Cardiovascular function occurs in the body during exercise, particularly in the heart, veins, and arteries, you cannot see or feel it. Not being able to visualize the process and see its relevance to the real world can demoralize learning and make it difficult for students to stay energized.

2. It’s content-heavy

Figure 3: A snippet from Cardiovascular Function During Exercise simulation by Labster.

Cardiac variables are a set of variables that help us explain how the cardiovascular system works. They can be summarized as follows:

  1. Heart rate (HR) is defined as the number of heartbeats or contractions per minute (bpm). The average resting heart rate of a healthy person is between 60-70 beats per minute.

  2. Stroke volume (SV) is the volume of blood pumped by the heart in one heartbeat. However, blood is pumped in different directions by the left and right ventricles. The normal SV for a healthy person at rest should be about 70 mL/beat.

  3. Cardiac output (CO) can be defined as the volume of blood pumped by the heart per unit time. CO is calculated by multiplying HR and SV. Therefore, CO is measured in units such as liters per minute (L/min). The normal resting CO for a healthy person is about 5 L/min.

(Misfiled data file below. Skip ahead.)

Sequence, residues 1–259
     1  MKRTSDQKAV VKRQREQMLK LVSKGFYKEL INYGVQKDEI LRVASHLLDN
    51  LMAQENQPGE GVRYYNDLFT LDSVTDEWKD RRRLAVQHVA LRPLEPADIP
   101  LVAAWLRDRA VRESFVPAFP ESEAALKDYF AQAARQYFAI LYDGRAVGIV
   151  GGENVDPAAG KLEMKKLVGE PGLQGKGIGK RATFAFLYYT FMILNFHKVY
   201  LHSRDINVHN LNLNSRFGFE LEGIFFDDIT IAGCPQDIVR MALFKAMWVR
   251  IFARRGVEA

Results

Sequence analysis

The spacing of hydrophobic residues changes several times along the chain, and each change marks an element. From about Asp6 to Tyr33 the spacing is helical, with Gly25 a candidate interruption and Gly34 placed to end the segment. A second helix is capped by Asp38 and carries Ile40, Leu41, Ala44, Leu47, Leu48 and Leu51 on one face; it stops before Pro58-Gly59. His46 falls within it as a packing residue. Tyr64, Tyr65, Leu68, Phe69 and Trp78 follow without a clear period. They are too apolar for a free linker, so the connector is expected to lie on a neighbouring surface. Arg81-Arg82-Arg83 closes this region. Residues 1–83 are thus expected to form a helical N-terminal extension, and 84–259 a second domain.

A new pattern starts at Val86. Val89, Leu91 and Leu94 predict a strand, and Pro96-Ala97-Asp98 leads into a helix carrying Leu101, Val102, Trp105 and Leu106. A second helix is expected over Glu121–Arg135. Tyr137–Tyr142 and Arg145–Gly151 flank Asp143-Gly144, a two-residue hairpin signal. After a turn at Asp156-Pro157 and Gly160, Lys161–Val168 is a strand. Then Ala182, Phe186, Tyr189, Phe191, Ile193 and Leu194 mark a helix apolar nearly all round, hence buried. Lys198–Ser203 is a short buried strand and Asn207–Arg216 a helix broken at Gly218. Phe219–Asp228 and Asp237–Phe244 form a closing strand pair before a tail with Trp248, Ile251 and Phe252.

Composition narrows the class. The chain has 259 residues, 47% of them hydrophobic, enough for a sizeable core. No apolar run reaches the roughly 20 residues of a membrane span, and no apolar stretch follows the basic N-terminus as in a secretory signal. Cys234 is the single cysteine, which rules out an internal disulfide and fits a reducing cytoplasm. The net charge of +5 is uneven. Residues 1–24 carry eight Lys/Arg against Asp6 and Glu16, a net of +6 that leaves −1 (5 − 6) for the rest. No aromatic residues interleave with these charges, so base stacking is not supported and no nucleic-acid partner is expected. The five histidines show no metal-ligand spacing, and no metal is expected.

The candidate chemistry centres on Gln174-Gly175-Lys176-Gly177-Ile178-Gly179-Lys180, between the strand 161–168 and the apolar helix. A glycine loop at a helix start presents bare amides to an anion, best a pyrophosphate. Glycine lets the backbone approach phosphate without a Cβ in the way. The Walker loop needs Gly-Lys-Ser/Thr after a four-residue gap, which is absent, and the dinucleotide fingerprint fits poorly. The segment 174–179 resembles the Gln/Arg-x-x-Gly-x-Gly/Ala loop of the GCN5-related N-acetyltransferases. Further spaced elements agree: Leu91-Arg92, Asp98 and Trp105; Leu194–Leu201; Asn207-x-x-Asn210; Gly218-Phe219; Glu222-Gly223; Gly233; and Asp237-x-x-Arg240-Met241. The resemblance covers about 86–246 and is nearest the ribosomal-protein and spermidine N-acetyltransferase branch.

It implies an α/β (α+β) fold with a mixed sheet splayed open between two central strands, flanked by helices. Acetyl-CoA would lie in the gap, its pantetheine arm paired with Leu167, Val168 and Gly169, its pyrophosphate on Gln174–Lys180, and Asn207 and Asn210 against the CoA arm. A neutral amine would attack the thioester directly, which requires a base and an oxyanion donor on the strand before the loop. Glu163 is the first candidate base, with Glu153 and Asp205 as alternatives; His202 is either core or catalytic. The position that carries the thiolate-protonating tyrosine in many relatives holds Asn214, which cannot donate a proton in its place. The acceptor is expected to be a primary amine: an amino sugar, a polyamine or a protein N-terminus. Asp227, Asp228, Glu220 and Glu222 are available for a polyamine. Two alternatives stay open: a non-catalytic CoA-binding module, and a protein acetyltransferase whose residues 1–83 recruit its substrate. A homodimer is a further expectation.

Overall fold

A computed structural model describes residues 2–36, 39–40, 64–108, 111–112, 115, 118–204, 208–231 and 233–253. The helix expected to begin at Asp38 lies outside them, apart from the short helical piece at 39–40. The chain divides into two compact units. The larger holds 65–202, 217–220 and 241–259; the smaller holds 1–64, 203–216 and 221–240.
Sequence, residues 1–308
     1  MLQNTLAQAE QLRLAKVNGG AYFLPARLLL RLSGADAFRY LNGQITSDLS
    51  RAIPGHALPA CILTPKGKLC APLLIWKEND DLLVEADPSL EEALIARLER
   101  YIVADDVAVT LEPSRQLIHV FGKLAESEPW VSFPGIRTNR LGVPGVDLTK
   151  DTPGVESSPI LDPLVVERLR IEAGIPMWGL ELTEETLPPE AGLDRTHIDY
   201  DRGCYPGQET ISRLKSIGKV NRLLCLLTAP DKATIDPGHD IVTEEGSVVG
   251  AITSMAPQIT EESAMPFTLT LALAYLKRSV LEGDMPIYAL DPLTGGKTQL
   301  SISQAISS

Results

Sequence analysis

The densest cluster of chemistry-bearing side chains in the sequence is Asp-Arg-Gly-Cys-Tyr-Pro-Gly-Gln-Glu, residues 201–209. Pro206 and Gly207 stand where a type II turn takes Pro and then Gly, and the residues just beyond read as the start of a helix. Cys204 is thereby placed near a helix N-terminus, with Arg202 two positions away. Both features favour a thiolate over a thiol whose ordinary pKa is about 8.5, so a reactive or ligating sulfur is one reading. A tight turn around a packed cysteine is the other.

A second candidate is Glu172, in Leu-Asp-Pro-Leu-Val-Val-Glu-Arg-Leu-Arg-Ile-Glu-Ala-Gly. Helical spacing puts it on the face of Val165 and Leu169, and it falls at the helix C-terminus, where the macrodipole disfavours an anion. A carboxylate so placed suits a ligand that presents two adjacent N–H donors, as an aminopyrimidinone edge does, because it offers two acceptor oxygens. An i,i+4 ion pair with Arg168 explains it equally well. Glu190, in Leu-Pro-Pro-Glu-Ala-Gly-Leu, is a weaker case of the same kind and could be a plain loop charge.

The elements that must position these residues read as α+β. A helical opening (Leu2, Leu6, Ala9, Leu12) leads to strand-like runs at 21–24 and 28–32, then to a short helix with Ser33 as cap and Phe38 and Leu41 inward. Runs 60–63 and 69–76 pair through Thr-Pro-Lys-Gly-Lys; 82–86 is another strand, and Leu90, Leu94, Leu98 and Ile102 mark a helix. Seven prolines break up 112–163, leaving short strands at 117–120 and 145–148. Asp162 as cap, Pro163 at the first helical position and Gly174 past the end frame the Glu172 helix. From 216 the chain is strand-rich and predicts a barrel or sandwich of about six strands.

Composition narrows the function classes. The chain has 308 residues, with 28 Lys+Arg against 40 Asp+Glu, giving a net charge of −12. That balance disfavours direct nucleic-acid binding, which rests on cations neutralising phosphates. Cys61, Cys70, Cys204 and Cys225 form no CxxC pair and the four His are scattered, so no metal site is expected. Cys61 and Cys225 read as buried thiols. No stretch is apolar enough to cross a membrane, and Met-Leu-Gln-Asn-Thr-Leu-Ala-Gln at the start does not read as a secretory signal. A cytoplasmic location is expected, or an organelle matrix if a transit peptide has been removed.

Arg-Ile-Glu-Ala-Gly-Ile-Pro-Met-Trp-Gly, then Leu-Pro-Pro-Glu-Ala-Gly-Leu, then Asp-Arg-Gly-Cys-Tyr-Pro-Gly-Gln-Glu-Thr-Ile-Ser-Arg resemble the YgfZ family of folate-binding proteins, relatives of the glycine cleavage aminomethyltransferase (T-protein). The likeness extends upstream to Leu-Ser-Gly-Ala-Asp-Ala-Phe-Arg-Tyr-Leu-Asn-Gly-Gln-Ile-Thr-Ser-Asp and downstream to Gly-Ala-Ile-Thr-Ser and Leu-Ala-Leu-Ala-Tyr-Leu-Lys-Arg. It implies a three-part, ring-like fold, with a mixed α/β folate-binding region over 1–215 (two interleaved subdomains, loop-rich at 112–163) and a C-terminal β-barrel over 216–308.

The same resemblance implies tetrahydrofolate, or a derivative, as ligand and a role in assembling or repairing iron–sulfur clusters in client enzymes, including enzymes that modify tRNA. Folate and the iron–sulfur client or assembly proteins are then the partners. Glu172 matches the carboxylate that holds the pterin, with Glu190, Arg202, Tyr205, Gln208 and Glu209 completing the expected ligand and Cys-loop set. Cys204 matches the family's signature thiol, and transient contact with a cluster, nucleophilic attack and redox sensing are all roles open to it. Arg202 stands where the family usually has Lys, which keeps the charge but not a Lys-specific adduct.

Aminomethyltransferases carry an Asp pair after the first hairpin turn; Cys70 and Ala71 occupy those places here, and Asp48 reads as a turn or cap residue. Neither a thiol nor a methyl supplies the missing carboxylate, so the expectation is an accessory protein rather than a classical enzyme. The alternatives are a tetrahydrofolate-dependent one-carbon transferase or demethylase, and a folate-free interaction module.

3. It’s complicated

Blood pressure is usually measured in the main arteries of the circulatory system. It is a good indicator of the function of the heart, as well as the elasticity and diameter of the artery walls. Blood pressure is usually measured in units such as millimeters of mercury (mm Hg). Arterial blood pressure naturally varies with heart rate. The minimum blood pressure occurs just before blood is pumped out of the heart (diastolic blood pressure) and the maximum occurs after blood is pumped out of the heart (systolic blood pressure).

Cardiovascular Function During Exercise virtual lab 3

Figure 4: A snippet from Cardiovascular Function During Exercise simulation by Labster.

  • Diastolic blood pressure

Diastolic pressure occurs when the heart relaxes and blood flows from the arteries throughout the body. Normal resting diastolic pressure should be between 60 and 80 mmHg.

  • Systolic blood pressure

Systolic pressure occurs as soon as the blood is pumped from the heart into the arteries, causing the artery walls to stretch. A normal resting systolic pressure should be between 80 and 120 mmHg.

5 Ways To Make Cardiovascular Function During Exercise A More Approachable Topic

With these points in mind, here are five things you can consider introducing into your cardiovascular function lessons to make them more engaging, approachable, and enjoyable to teach for you and to learn for your students.

1. Show the people behind the science